Review: The Hunt For Vulcan

If you enjoy learning about astronomy and/or physics, this is the book for you!

Hunt for Vulcan


The captivating, all-but-forgotten story of Isaac Newton, Albert Einstein, and the search for a planet that never existed

For more than fifty years, the world’s top scientists searched for the “missing” planet Vulcan, whose existence was mandated by Isaac Newton’s theories of gravity. Countless hours were spent on the hunt for the elusive orb, and some of the era’s most skilled astronomers even claimed to have found it.

There was just one problem: It was never there.

In The Hunt for Vulcan, Thomas Levenson follows the visionary scientists who inhabit the story of the phantom planet, starting with Isaac Newton, who in 1687 provided an explanation for all matter in motion throughout the universe, leading to Urbain-Jean-Joseph Le Verrier, who almost two centuries later built on Newton’s theories and discovered Neptune, becoming the most famous scientist in the world. Le Verrier attempted to surpass that triumph by predicting the existence of yet another planet in our solar system, Vulcan.

It took Albert Einstein to discern that the mystery of the missing planet was a problem not of measurements or math but of Newton’s theory of gravity itself. Einstein’s general theory of relativity proved that Vulcan did not and could not exist, and that the search for it had merely been a quirk of operating under the wrong set of assumptions about the universe. Levenson tells the previously untold tale of how the “discovery” of Vulcan in the nineteenth century set the stage for Einstein’s monumental breakthrough, the greatest individual intellectual achievement of the twentieth century.

A dramatic human story of an epic quest, The Hunt for Vulcan offers insight into how science really advances (as opposed to the way we’re taught about it in school) and how the best work of the greatest scientists reveals an artist’s sensibility. Opening a new window onto our world, Levenson illuminates some of our most iconic ideas as he recounts one of the strangest episodes in the history of science.

Length: 256 Pages

Publisher: Random House

Release Date: November 3, 2015

About the Author

Thomas Levenson

Thomas Levenson is a professor at MIT and head of its science writing program. He is the author of several books, including Einstein in Berlin and Newton and the Counterfeiter: The Unknown Detective Career of the World’s Greatest Scientist. He has also made ten feature-length documentaries (including a two-hour Nova program on Einstein) for which he has won numerous awards.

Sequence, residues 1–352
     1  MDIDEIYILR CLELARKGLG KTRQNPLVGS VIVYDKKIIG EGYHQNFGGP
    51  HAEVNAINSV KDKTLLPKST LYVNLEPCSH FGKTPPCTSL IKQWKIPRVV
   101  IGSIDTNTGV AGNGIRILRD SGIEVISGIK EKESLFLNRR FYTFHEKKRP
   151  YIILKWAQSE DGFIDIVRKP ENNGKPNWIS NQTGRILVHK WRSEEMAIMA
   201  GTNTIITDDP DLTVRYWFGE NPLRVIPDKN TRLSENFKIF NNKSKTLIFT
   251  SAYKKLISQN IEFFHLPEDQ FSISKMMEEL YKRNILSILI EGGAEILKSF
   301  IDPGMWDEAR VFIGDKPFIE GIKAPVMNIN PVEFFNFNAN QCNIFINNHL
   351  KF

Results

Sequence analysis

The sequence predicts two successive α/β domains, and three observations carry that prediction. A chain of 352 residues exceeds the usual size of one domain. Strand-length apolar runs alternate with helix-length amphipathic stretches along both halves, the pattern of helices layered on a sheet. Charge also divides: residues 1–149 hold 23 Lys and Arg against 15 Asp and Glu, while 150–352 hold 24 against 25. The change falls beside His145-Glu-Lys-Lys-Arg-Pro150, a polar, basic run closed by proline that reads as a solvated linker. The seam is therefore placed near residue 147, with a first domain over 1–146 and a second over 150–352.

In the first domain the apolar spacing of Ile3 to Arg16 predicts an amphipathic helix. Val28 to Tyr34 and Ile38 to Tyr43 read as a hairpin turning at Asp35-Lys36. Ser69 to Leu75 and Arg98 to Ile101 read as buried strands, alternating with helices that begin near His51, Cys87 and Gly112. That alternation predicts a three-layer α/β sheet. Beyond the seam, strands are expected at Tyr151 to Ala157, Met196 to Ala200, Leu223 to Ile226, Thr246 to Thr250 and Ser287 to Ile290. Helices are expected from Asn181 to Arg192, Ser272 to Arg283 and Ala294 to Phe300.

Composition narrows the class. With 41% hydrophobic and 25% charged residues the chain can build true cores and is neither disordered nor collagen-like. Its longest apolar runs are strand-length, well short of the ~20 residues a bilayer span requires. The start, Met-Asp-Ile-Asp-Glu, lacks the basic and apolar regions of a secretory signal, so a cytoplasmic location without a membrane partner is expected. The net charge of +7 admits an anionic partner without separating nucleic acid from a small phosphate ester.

Space has always fascinated me, as it has for most people over the centuries, so I was very excited to read The Hunt for Vulcan. I have also been vaguely familiar with Einstein’s theory of relativity, and was equally excited to gain a greater understanding of his contributions to the scientific community.

From the beginning of The Hunt for Vulcan, it is apparent that Thomas Levenson knows his stuff. Really, really well. He begins with Newton and sets up this complex background of discovery that leads to the creation of the planet Vulcan. I say creation, because one of the principles we take away from the book is that we, as human beings, see what we think SHOULD be there.

Vulcan needed to be where it was in order to not contradict Newton’s theory of gravity. And so, it was discovered there.

What a profound thought. Think on that a bit.

Einstein was one of the only people brave enough to challenge Newton and the traditional theory of gravity, by presenting his own theory. The Theory of Relativity. Now, I am going to stop there and not explain what that means. You will need to read the book if you want to understand the Theory of Relativity deeper.

Why? Because I’m not sure I completely understand it still.

As interesting and well-written as this book is, I thought it would be a little bit more accessible for those of us who do not have backgrounds in physics and/or astronomy. And frankly, it was probably as simple as Thomas Levenson could make it. But it still blew my mind. There are many references to scientific terms, descriptions, and equations, that I simply struggled understanding. The bending of space and time left my brain a little worse for wear, I think.

The closest I came to understanding Einstein’s theory, was from Einstein himself. He knew how to take these complex ideas and present them with analogies and pictures that an every day person could understand. Many pictures and charts are included in the book, which is very helpful.

Overall, I give this book 4 out of 5 stars.

Content: There is no offensive language in this book, violence, or sexual content


The Hunt for Vulcan is available digitally, in hardback, as well as an audio CD. You can purchase it by clicking the image below. Happy Reading!


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